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Best method to block Vlan port with spanning tree

In a complex Switch Network I lick to configure the vlan ports how should normally blocked by spanning tree with a bad priority value. I have the concept the Backbone links should never blocked until the Backbone itself is redundant and has a better priority than the normal value.

On the access switches are the half vlans normally blocked on one of both uplinks with a more bad priority value. The question: exist a better method or possibility to combine two methods or values to get a twostep concept? First is one defined port blocked else a second port?

Tanks for your ideas.

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Accepted Solutions
Cisco Employee

Re: Best method to block Vlan port with spanning tree

There are 2 ways to manually decide which ports will be blocking. The first one is to tune the port priority. That method is used when you have parallel links between switches for instance as shown at the following URL:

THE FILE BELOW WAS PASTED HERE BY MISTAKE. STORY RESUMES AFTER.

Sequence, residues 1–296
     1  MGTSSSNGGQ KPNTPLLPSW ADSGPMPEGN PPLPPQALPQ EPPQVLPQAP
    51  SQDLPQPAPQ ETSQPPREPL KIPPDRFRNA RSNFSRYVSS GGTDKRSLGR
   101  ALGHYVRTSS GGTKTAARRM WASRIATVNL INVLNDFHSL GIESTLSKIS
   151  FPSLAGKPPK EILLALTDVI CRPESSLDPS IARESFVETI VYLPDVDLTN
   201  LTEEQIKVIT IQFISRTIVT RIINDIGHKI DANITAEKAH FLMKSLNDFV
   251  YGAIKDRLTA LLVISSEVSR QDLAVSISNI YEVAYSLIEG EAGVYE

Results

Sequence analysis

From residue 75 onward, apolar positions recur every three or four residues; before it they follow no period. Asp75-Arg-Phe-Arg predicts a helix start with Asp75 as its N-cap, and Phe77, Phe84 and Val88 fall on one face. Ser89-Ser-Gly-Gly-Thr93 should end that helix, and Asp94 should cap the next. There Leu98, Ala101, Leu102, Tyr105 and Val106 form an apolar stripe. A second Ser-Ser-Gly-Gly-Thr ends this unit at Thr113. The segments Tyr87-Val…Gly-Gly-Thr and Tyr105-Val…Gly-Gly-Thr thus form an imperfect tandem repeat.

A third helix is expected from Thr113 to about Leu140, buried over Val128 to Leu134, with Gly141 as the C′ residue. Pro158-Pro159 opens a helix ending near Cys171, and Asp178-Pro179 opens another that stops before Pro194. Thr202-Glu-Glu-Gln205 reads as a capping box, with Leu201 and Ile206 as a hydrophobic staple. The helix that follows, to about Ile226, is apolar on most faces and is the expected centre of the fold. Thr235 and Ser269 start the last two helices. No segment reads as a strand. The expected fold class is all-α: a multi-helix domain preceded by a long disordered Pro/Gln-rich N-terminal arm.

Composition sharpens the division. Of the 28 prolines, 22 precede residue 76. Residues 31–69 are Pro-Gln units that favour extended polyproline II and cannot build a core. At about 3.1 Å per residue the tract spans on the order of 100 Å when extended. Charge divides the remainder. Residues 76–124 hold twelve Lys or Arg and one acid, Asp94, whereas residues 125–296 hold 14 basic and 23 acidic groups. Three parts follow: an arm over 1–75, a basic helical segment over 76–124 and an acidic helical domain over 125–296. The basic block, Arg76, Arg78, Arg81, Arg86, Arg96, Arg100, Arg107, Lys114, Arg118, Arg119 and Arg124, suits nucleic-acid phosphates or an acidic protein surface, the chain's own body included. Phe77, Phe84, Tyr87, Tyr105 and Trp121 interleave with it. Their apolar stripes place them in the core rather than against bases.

http://www.cisco.com/warp/customer/473/15.html

You could also tune the port cost per VLAN but that method will have an impact on the whole spanning-tree as the cost will be carried in the BPDUs across the network while the priority is locally significant.

Another way to choose the form of your spanning-tree is by placing your root switch for a specific VLAN is a strategic place.

More information on spanning-tree can be found here:

http://www.cisco.com/warp/customer/473/#SpanningTree

1 REPLY
Cisco Employee

Re: Best method to block Vlan port with spanning tree

There are 2 ways to manually decide which ports will be blocking. The first one is to tune the port priority. That method is used when you have parallel links between switches for instance as shown at the following URL:

http://www.cisco.com/warp/customer/473/15.html

You could also tune the port cost per VLAN but that method will have an impact on the whole spanning-tree as the cost will be carried in the BPDUs across the network while the priority is locally significant.

Another way to choose the form of your spanning-tree is by placing your root switch for a specific VLAN is a strategic place.

More information on spanning-tree can be found here:

http://www.cisco.com/warp/customer/473/#SpanningTree

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